COYOTE SIGHTINGS are on the rise in many Boston suburbs. A fatal attack on a family dog and reports of missing cats brought out more than 60 people to a recent community meeting in Newton to air their fears. If coyotes can kill pets, they might do the same to small children, some parents reasoned.
The concerns are understandable, though the number of coyote attacks on humans has been quite small: Just four confirmed cases in Massachusetts over the past 60 years. While parents of very young children should be careful around the animals, the risk isn’t great enough to justify some of the measures proposed at the hearing, including removing and killing all coyotes. (It is illegal in Massachusetts to capture and relocate them, so the only removal option is lethal.) The dangers of having animal-control officers hunting suburban streets for random coyotes would far outweigh the protection. Moreover, state wildlife officials say, eliminating individual coyotes is unlikely to reduce the numbers of coyotes by a significant number. The best policy remains the current one: Neighbors should report a coyote that seems aggressive, and officers will then shoot it on sight.
With as many as 10,000 coyotes in the state, wildlife officials say, any notion of keeping this wide-ranging animal out of the suburbs entirely would be challenging, if not futile. The increasing presence of the coyote in Boston suburbs, like the well-publicized profusion of deer and wild turkeys, attests to the efforts of many towns to maintain green space.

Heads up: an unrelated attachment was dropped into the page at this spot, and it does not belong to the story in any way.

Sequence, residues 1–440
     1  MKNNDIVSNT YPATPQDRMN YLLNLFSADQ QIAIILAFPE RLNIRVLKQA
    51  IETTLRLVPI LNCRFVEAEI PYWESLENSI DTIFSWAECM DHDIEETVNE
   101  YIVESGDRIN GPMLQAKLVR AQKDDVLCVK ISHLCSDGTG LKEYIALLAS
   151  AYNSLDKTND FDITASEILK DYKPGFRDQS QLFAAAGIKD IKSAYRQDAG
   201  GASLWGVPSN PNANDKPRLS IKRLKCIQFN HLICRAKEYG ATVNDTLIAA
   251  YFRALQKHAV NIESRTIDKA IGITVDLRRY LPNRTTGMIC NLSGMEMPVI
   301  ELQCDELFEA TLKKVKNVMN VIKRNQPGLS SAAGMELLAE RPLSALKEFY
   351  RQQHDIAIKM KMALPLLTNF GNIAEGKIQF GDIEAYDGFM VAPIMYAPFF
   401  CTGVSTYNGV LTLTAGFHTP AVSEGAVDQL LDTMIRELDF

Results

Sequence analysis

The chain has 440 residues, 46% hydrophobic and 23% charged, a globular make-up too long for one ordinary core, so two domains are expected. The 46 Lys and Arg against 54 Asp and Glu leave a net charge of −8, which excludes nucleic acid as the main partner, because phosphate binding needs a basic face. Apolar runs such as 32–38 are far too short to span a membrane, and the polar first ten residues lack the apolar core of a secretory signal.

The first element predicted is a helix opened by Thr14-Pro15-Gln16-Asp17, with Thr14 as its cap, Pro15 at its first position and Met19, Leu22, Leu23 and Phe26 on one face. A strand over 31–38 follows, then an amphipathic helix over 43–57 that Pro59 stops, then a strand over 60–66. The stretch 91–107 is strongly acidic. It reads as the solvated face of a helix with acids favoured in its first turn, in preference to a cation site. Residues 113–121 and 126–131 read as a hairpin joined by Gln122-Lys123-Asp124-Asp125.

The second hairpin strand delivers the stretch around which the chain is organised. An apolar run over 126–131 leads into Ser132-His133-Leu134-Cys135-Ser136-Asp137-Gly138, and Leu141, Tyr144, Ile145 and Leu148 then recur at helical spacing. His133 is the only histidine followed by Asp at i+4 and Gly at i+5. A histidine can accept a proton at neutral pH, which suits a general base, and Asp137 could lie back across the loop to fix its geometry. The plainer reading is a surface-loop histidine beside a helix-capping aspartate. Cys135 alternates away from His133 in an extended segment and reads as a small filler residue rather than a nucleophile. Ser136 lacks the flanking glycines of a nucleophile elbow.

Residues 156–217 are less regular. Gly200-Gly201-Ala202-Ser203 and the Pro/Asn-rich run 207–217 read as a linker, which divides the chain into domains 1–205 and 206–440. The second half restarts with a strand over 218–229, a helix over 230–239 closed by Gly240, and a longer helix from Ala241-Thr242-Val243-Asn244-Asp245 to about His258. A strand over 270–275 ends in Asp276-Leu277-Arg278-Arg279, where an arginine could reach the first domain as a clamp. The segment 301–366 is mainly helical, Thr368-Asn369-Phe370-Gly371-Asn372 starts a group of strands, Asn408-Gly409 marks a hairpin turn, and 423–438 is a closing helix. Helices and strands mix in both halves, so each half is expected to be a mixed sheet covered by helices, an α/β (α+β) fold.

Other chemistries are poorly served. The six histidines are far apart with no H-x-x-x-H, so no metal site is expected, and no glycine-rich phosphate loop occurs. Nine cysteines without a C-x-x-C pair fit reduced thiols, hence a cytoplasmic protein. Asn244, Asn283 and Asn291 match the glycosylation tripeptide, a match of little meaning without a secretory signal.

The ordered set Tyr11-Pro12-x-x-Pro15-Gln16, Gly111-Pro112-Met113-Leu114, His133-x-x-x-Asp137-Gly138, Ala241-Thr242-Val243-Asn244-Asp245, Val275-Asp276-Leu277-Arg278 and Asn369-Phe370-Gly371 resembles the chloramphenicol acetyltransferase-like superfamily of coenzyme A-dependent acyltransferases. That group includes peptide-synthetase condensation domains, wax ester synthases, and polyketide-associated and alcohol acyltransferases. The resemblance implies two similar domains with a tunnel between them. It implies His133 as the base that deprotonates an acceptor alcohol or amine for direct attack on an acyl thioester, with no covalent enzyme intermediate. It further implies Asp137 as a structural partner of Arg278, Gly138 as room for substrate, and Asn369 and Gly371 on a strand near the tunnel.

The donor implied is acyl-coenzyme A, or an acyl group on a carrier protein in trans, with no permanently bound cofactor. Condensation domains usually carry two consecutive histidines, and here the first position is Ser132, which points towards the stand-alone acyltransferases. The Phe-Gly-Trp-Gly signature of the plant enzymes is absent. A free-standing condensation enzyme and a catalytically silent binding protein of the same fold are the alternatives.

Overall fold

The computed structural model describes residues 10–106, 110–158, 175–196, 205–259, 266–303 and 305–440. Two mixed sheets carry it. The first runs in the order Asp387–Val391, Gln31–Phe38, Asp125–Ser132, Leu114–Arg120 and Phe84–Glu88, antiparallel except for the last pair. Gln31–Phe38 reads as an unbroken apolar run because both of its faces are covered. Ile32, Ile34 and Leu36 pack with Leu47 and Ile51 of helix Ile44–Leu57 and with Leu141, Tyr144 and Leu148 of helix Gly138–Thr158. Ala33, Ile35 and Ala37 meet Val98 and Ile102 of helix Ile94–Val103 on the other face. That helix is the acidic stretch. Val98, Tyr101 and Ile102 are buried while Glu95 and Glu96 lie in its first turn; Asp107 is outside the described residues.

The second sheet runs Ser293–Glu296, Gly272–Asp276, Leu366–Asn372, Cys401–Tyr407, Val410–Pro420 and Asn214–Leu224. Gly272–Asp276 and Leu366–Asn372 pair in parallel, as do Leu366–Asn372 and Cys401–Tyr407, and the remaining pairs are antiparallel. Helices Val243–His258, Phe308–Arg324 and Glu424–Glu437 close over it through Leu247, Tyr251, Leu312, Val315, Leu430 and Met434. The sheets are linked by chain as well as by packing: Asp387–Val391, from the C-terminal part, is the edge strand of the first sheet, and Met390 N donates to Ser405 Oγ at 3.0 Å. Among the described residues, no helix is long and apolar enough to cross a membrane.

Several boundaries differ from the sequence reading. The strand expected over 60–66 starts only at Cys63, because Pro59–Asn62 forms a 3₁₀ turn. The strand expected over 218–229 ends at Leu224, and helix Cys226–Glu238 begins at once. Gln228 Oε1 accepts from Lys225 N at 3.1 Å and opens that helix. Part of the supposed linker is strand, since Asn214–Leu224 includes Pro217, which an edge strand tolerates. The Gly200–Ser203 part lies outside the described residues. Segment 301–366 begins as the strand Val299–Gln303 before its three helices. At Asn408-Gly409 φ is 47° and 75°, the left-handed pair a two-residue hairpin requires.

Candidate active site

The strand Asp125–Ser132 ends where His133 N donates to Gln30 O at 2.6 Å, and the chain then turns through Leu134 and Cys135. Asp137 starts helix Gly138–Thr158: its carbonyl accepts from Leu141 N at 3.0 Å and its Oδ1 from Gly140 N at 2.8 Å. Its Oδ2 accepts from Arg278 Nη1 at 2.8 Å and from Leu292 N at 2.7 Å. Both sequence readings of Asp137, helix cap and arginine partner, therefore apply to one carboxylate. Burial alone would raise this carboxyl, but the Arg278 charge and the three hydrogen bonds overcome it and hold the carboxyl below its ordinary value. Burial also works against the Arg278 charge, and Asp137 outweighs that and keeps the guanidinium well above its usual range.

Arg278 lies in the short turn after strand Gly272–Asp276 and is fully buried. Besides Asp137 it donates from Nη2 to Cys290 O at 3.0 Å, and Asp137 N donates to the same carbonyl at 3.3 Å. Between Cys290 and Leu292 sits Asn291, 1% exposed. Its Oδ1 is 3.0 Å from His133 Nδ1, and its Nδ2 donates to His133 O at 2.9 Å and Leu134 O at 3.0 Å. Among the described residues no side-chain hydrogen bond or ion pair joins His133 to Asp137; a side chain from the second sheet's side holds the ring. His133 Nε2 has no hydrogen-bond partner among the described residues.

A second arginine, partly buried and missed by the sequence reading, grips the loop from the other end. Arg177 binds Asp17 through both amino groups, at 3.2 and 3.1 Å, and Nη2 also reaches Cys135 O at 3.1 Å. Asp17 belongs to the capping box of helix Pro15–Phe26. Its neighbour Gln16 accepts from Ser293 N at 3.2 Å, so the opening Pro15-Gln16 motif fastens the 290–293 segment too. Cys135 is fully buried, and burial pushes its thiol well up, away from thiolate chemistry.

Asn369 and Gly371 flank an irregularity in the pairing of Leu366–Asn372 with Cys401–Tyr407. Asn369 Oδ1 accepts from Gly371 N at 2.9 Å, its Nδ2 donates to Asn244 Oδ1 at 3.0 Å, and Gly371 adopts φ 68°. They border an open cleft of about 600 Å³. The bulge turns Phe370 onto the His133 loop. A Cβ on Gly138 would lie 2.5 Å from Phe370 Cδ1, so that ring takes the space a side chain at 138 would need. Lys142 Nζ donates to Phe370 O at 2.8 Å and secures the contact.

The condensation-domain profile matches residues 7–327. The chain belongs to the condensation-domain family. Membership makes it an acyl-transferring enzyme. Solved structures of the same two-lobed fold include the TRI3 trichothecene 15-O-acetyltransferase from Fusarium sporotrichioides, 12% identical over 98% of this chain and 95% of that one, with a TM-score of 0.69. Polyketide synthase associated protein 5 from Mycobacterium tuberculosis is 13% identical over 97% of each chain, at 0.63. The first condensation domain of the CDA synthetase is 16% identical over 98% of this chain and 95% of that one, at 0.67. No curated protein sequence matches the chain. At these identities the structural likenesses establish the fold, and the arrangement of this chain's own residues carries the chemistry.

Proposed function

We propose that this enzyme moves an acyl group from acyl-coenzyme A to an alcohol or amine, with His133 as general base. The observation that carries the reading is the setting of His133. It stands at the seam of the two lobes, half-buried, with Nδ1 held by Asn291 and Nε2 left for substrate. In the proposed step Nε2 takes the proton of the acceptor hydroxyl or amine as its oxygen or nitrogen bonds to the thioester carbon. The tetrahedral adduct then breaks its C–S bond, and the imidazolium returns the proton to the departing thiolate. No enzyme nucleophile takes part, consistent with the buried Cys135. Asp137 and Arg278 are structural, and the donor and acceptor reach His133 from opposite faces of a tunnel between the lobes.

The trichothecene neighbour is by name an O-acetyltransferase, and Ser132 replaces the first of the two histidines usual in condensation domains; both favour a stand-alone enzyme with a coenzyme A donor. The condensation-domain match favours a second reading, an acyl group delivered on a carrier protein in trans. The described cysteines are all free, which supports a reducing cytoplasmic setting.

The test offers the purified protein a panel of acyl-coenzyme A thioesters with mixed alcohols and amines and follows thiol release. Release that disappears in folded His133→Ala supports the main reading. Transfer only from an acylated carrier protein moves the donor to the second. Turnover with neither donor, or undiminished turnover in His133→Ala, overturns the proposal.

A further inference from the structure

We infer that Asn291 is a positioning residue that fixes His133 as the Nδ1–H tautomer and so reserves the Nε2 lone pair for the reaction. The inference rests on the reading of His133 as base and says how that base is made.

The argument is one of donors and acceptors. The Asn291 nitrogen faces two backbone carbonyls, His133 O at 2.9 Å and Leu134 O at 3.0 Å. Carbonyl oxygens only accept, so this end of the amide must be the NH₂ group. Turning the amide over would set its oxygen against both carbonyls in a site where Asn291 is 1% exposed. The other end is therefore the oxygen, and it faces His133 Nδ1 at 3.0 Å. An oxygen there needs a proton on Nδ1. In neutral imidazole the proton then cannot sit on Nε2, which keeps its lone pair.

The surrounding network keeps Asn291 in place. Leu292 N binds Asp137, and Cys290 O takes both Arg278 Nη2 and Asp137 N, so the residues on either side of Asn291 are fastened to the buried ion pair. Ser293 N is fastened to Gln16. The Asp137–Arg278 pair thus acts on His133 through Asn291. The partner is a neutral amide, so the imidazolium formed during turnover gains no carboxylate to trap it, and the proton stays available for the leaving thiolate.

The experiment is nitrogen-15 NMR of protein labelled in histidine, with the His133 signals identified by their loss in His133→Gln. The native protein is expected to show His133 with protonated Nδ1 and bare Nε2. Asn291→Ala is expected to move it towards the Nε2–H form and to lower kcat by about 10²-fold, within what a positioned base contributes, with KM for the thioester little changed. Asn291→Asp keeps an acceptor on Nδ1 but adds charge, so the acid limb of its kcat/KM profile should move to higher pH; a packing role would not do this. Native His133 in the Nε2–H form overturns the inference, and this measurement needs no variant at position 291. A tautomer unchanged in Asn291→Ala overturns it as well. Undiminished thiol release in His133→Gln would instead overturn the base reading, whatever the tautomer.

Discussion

When the coyotes, which are larger than most dogs and can reach 65 pounds (Eastern coyotes are large because they’re part wolf), started appearing about a decade ago, towns such as Belmont launched programs to alert neighbors by having them plot sightings on an interactive tracking system. The online sites now feature tips on how to make enough noise to ward off coyotes, and warnings to keep dogs and cats indoors when coyotes are in the area. They advise people never to feed coyotes, lest they learn to hang around houses. Belmont animal control officer John Maguranis said the greater publicity has helped to demystify the animal, leaving neighbors less alarmed.
“We went through that kind of fear [as in Newton] nine years ago, when one coyote got a taste for cats,’’ Maguranis said. “People were outraged and fearful. The first reaction was to annihilate coyotes. Last year we had a dog bitten by a coyote, and there was no outrage. Even the dog owner understood. Today, when people call me about coyotes, it’s mostly to share their excitement of seeing one.’’
Not everyone is going to learn to love coyotes, of course, but Belmont’s constructive approach to the animal’s growing presence is a good starting point for other towns. Some vigilance around wild animals will always be required, but the hope exists that with common-sense precautions, humans, pets, and wildlife can share the suburbs.